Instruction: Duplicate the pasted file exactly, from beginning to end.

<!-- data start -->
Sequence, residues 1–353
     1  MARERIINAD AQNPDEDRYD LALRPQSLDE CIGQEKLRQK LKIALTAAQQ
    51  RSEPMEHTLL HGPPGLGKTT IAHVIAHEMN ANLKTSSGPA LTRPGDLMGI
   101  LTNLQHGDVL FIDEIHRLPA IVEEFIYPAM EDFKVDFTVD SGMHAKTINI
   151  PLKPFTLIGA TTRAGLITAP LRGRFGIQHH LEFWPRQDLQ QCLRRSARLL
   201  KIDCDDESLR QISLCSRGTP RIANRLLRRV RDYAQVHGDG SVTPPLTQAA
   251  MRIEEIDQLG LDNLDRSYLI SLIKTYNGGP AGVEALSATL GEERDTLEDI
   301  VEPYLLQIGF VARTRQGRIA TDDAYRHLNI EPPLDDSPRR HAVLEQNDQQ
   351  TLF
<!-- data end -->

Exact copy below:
Sequence, residues 1–353
     1  MARERIINAD AQNPDEDRYD LALRPQSLDE CIGQEKLRQK LKIALTAAQQ
    51  RSEPMEHTLL HGPPGLGKTT IAHVIAHEMN ANLKTSSGPA LTRPGDLMGI
   101  LTNLQHGDVL FIDEIHRLPA IVEEFIYPAM EDFKVDFTVD SGMHAKTINI
   151  PLKPFTLIGA TTRAGLITAP LRGRFGIQHH LEFWPRQDLQ QCLRRSARLL
   201  KIDCDDESLR QISLCSRGTP RIANRLLRRV RDYAQVHGDG SVTPPLTQAA
   251  MRIEEIDQLG LDNLDRSYLI SLIKTYNGGP AGVEALSATL GEERDTLEDI
   301  VEPYLLQIGF VARTRQGRIA TDDAYRHLNI EPPLDDSPRR HAVLEQNDQQ
   351  TLF